Monday, June 30, 2008

Sacrebleu! Hands Off Our Arthur

The dastardly French have accused us of nicking our beloved King Arthur and spinning him into an English legend. Why you only need to take a look at that meticulously researched historical Arthurian drama-documentary Monty Python And The Holy Grail to know that can't be true. Sacrebleu! 

One other small problem for the French. At the time of Arthur, England didn't exist. And neither did France!

Arthur was Romano-British. (He must be real because we've seen him at the movies).

The 'Brit' bit covered a huge swathe of romanised celtic culture stretching from the north, through Wales and Cornwall and into Brittany and the Basque Country. There's even a clue in the name Brittany. Accuse a Breton of being French and you'll get more than a Gaullic shrug.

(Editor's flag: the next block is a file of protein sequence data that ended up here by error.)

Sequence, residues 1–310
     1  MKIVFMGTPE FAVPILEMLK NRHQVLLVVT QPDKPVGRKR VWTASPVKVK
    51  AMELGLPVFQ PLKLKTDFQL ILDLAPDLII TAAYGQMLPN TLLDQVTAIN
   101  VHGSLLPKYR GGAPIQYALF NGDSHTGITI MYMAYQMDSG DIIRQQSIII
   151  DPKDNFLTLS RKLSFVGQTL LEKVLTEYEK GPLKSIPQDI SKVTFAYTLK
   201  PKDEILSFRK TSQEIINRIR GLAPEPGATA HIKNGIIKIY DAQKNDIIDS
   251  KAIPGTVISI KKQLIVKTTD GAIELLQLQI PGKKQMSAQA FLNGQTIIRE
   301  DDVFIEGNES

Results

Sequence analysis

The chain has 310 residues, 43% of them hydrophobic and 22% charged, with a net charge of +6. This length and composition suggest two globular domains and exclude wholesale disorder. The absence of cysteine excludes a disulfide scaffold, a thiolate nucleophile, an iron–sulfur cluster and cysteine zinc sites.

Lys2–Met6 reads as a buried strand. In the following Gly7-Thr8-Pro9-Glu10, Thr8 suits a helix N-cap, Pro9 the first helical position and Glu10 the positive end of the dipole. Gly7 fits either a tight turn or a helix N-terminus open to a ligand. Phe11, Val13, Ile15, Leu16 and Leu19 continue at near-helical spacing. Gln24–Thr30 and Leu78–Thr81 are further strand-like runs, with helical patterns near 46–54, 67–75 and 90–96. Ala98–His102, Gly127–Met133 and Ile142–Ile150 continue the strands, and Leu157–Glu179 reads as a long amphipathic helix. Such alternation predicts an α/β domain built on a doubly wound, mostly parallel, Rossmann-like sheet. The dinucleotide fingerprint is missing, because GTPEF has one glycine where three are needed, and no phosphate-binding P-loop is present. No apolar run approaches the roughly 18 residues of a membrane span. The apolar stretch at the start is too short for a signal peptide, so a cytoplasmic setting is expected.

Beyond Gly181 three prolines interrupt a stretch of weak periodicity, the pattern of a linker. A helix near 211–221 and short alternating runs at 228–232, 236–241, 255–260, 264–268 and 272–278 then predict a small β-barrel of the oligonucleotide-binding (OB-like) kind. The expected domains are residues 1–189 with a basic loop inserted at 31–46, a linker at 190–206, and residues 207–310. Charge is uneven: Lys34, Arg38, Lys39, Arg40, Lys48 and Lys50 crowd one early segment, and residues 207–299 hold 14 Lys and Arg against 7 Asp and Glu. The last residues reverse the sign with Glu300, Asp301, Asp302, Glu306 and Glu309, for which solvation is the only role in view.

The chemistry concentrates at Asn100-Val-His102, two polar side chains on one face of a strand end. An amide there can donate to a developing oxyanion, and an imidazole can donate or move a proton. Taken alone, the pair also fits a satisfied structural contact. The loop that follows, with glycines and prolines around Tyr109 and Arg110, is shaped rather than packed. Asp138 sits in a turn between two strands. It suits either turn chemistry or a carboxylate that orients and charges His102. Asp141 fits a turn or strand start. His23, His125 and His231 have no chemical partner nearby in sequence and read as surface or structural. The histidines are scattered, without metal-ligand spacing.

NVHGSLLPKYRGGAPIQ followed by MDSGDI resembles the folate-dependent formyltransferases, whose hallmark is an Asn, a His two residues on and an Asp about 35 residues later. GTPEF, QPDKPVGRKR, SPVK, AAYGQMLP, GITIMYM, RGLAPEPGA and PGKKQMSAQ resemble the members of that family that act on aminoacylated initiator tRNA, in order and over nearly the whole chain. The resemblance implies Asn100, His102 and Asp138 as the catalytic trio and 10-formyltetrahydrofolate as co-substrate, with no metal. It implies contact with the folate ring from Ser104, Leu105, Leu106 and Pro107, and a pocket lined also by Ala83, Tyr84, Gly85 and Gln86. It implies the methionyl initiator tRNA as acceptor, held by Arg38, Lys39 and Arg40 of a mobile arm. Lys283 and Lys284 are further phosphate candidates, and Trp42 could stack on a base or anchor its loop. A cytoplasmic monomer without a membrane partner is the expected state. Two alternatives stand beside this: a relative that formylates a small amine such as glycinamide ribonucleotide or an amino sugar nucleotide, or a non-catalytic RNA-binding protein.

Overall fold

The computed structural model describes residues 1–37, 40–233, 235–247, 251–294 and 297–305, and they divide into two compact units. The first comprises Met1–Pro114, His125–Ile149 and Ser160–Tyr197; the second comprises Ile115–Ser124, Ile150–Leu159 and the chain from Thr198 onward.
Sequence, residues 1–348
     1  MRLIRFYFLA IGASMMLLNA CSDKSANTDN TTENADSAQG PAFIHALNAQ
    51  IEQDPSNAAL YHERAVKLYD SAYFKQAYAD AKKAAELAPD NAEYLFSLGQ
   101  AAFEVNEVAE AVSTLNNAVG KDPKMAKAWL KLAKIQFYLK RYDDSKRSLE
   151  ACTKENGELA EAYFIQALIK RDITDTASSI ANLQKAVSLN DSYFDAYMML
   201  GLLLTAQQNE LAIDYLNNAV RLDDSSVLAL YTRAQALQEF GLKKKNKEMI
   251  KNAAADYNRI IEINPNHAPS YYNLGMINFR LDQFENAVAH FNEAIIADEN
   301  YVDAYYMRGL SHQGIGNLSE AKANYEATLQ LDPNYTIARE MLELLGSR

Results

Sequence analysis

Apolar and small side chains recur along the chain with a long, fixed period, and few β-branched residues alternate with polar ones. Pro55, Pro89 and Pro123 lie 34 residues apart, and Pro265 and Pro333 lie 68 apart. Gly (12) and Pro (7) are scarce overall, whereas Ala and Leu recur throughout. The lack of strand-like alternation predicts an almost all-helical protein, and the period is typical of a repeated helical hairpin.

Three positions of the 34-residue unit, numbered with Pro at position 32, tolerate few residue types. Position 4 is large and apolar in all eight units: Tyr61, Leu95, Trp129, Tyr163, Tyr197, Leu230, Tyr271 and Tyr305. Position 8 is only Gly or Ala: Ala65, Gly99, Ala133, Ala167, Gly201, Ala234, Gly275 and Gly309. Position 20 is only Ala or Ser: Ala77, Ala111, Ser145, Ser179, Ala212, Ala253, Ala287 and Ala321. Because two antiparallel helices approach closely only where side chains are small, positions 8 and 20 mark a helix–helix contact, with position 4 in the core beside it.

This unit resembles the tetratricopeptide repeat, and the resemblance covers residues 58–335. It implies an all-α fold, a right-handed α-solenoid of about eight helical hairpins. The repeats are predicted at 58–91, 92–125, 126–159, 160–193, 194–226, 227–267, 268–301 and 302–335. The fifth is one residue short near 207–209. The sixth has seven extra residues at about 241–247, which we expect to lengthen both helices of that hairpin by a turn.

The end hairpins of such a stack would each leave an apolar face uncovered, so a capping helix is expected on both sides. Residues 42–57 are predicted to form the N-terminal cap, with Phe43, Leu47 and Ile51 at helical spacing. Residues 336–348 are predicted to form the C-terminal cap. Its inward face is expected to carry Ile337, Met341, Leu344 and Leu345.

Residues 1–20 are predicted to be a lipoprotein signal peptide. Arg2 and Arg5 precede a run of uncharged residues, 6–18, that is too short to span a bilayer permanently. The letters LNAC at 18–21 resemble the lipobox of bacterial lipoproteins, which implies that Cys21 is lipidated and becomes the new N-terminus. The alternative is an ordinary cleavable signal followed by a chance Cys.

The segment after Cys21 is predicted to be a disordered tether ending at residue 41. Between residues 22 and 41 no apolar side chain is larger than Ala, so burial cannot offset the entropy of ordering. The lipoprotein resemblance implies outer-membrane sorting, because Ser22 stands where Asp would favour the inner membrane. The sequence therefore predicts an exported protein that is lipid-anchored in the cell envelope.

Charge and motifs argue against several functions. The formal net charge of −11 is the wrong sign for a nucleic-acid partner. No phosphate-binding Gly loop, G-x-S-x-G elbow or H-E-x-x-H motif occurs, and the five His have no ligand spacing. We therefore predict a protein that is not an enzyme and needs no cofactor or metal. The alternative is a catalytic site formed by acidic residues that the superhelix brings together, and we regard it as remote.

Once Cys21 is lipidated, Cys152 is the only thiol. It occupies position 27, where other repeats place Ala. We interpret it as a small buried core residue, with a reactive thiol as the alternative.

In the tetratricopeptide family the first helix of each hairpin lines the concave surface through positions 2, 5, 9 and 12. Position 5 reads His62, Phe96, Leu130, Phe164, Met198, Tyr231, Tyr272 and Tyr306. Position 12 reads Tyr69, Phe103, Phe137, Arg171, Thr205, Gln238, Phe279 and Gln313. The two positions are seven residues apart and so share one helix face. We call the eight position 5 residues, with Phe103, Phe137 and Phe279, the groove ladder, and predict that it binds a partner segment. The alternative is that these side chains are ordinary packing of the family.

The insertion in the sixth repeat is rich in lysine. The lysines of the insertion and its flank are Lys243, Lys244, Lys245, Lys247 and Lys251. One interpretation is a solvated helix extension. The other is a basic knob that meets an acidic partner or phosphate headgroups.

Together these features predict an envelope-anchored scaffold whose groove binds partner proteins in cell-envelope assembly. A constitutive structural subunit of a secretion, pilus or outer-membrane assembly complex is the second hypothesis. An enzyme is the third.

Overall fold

Arthur pops up in Geoffrey of Monmouth's highly imaginative Historia Regum Britanniae, The History of the Kings of Britain - Britain, not England - and later in Sir Thomas Malory's Le Morte DArthur, The Death Of Arthur (clever people wrote in Franco-Latin in those days).

The 19th century poet, Tennyson took the Arthurian legend to heart in Idylls Of The King - but then the Victorians claimed everything for the Empire. And this was more to do with morals and Christian values than where the guy came from.

A better take on the Arthurian legend comes in Philip Reeve's book Here Lies Arthur

Here an Alastair Campbell type is cast as the devious spin doctor, Merlin, determined to put the war-mongering thug Arthur on the throne. 

And the splendid sword Excalibur rising magically from the lake? That's just some poor servant lass who's forced to hold her breath underwater and push up the sword as part of the spin. 

In the end Arthur isn't cut out for the job because he's only interested in himself.

Somewhere Arthur must be spinning in his watery grave.

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